A Tail of (Disk) Corruption and Eventual Salvation


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Yesterday I accidentally overwrote the disk image of a running Xen server that represented a machine in production. I didn't notice for two hours because the services on the machine kept going since they didn't need the disk. In fact, the only reason I noticed was because I happened to need to do the same thing again and got the command from the shell command history and noticed the mistake--a one character typo.

Recovery from this event required rebuilding the machine. Fortunately, we've been working hard on infrastructure automation and have a set of Puppet recipes for completely building out a server and an automated deploy process that loads the required application code and tests it. In addition, since it's all on Xen and the old server was still running, we just build up another machine while the old, corrupted server trundled along.

In about an hour a new machine was up and running. We have been meaning to put up redundent copies of this particualr service. In fact, that's what I was working on when I caused the problem in the first place. We took this opportunity to put the new machine behind the load balancer and moved the DNS entry. Overnight the traffic has tailed off considerably to the damaged machine and the new machine is now handling most of the load. I'll build up another copy on another host machine this morning so that we have the redundency we need.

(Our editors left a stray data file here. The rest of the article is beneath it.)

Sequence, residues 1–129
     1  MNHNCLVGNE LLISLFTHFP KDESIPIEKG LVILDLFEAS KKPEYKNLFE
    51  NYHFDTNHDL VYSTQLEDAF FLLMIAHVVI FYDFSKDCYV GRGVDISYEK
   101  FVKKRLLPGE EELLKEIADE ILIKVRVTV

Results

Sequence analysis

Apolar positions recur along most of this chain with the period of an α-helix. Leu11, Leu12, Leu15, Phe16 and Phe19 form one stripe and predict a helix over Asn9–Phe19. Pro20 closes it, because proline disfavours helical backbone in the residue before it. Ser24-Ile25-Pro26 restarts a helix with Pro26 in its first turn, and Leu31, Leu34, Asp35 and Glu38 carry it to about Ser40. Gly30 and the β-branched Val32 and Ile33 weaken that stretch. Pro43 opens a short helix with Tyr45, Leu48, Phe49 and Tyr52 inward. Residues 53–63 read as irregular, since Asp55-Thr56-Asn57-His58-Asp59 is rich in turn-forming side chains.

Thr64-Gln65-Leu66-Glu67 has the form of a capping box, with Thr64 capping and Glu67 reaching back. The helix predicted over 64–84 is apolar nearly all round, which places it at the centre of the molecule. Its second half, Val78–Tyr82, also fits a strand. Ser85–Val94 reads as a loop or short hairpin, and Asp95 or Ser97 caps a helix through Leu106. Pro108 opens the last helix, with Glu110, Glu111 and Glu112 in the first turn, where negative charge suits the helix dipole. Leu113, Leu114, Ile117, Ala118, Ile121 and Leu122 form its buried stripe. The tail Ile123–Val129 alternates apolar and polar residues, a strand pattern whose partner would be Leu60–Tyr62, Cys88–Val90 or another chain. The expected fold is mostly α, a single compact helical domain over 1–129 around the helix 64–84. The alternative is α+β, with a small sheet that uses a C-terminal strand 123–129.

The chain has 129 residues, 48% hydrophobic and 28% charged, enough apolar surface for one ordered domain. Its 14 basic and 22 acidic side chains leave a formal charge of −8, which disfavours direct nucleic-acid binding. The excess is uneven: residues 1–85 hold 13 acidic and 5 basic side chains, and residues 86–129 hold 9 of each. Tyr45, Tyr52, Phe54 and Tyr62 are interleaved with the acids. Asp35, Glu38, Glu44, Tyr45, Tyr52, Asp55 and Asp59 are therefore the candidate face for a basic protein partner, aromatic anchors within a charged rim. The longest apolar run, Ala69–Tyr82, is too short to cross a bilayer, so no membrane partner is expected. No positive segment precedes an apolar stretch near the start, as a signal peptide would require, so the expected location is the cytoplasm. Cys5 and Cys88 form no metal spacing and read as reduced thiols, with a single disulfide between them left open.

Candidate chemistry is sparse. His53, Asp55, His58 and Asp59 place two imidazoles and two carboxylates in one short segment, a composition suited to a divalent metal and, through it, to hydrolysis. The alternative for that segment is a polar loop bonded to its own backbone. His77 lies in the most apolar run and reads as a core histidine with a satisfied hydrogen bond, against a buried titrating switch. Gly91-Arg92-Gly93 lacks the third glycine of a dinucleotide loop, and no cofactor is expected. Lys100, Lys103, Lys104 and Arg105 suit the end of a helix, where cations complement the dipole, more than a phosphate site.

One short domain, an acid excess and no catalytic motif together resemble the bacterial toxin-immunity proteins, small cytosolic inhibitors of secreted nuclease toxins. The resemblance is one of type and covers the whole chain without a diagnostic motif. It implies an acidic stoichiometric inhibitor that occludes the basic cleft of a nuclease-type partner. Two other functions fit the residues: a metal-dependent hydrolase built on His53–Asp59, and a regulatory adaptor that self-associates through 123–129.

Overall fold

Lessons learned:

  • Automate everything. More automation would have prevented the mistake I made. The automation we had saved us. Puppet and other tools are the only way to manage infrastructure.
  • Virtualization gives your incredible flexibility. I love the ability to put up new machines as needed wthout having to manage the hardware tasks at the same time.
  • Put things behind load balancers and have multiple copes of services running, even if you don't need the capacity. If we'd done this earlier, my mistake would have been a non-event. We'd have just removed the damaged server from rotation and went on with life.

The end result is that Kynetx suffered no downtime, but we did have some tense moments. Changes we're making to the infrastructure will improve our chances of achieving the same results with less stress and sweat.